YEREVAN — The Armenian government has spent a total of about 150 billion drams (over $300 million) since March on relief and stimulus packages for businesses and individual citizens affected by the coronavirus pandemic, according to an official.
Economy Minister Tigran Khachatryan said at a press conference on Friday that of this sum 93 billion drams (over $190 million) have been allocated through banks in the forms of loans.
“We decided to focus on specific issues of each sphere and to direct funds of support for targeted solutions to emerging or existing and expected issues,” the minister said.
Earlier this week the government approved two more coronavirus aid packages targeting sectors most affected by the pandemic. Under these programs assistance will be given to the spheres of tourism and agriculture.
Khachatryan said that the government’s support for the tourism sector, which is facing problems all over the world due to the coronavirus pandemic, as well as related areas, including the hotel business and public catering, will be aimed at preserving jobs.
“We are dealing with a situation where companies see their turnover reduced by more than half. On the other hand, in this situation they want to save jobs and keep workers who are part of their workforce,” the minister said.
Under this program monthly support will be provided to companies with at least three employees. Those companies that have retained at least 70 percent of their personnel during the pandemic will receive from the government a full salary of every third employee. Otherwise, the government will subsidize the salary of every fourth employee.
“This is a very good message for businesses that if they are at the threshold of having retained 70 percent of their personnel they may hire new employees and receive government support for 33 percent instead of 25 percent of their payroll. So, they will be able to offset a significant part of additional financial expenditures for expanding staff or increasing salaries through government support,” Khachatryan said.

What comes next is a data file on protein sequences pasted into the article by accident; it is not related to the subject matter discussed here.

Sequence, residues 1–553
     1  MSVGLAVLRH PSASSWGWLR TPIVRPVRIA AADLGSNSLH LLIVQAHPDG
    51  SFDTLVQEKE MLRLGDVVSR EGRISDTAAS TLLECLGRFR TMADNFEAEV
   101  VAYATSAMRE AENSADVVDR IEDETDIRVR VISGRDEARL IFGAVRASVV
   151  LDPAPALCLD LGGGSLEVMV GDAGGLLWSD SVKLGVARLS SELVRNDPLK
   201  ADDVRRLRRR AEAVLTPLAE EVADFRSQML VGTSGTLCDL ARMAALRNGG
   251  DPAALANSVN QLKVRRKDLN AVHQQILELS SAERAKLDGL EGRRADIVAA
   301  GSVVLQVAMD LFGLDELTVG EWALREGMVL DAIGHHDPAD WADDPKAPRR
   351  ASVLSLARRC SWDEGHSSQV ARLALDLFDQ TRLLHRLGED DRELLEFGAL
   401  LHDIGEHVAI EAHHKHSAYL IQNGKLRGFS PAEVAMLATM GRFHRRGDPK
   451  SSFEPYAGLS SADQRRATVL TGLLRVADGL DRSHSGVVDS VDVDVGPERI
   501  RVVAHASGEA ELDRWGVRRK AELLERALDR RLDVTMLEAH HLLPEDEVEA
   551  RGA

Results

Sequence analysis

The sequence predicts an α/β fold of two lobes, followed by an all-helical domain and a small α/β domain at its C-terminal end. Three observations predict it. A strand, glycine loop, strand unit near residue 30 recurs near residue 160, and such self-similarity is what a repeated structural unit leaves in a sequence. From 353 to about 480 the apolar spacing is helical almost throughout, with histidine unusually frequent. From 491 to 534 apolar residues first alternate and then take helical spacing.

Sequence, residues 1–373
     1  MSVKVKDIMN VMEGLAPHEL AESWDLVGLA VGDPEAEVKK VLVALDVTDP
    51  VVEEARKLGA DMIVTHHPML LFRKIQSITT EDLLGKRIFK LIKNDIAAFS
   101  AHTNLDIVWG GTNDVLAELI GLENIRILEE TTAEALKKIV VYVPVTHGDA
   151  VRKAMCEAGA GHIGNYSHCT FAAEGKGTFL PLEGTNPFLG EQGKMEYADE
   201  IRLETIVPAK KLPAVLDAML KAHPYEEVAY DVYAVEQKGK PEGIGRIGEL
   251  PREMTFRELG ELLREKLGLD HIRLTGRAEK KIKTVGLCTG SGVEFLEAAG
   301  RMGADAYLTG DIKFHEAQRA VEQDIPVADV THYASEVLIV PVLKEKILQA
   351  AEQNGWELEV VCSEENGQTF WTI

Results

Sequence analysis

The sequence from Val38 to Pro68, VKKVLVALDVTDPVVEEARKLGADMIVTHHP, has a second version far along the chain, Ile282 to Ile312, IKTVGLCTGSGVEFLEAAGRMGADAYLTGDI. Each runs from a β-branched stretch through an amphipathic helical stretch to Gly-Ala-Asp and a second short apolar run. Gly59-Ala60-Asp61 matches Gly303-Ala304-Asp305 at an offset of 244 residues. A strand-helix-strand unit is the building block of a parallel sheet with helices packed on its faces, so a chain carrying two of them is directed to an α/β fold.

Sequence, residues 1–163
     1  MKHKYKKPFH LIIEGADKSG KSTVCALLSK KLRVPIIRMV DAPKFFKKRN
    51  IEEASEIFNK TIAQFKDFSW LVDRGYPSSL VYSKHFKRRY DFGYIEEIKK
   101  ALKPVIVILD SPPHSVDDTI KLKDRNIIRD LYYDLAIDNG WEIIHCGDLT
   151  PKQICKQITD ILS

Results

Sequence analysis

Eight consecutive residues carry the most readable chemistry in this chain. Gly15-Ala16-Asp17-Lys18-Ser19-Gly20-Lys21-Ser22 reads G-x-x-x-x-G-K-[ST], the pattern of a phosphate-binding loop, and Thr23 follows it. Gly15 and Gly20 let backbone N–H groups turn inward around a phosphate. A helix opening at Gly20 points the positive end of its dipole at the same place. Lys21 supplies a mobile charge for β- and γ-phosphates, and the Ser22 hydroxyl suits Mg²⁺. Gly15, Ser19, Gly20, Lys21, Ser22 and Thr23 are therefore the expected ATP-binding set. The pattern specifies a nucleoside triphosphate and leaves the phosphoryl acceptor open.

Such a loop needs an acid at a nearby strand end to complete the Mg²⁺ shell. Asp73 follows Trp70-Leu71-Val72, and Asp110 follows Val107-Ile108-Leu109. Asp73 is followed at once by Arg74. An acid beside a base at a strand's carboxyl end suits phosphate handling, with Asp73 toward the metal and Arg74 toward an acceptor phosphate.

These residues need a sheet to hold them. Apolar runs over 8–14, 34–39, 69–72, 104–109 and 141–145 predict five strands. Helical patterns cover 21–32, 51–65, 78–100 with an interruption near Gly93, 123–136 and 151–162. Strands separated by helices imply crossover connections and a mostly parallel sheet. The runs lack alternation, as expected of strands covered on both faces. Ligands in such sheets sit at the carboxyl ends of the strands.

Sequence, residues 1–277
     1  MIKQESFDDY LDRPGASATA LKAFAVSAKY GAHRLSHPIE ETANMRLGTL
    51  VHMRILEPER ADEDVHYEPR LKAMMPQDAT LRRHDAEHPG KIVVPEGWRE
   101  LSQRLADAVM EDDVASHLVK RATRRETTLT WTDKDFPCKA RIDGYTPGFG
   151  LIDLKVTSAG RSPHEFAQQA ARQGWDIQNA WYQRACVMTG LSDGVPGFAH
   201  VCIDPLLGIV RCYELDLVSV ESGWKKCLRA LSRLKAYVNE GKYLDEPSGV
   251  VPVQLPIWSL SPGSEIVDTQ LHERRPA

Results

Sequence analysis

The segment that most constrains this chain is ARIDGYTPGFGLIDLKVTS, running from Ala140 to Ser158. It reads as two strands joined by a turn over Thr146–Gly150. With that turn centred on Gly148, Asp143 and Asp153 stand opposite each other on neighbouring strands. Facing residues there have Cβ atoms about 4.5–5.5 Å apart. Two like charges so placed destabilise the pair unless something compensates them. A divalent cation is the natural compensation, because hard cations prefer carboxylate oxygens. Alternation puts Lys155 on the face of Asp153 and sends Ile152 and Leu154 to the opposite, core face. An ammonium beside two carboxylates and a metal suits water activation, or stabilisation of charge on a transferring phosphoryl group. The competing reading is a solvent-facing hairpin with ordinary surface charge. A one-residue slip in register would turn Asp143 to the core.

Under the other program approved by the government this week assistance will be provided to grape purchasing companies and farmers. Because of the pandemic consumption of wine and brandy has fallen, leaving wine and brandy producers with less revenue. Assistance under this program will be provided in the form of interest-free loans to farmers who sell grapes to wineries and brandy-making companies.
According to the minister, there is no cap on the money provided for pandemic relief and stimulus programs. “We have not reached a point where we can say that if this limit is exceeded we will not provide support,” he said.
He said that the government will soon announce new programs of support to exporters and companies that plan to be technically reequipped.
Khachatryan does not rule out that Armenia will close the pandemic-affected economic year with about a five-percent GDP fall. Last year, Armenia’s GDP grew by 7.6 percent and its economic activity index grew by 7.8 percent. The government said the figures were unprecedented for recent years.
“We hope that the results of the third and fourth quarters of this year will show some improvement over the second quarter,” the minister said.
He said that this forecast is in line with the trends of the world economy. “Leading international organizations predict a global economic decline of up to 6 percent. It is also expected that 2021 will be the main year of recovery. In other words, there is no higher global optimism until the end of this year than the indicators that I’ve mentioned,” Khachatryan said.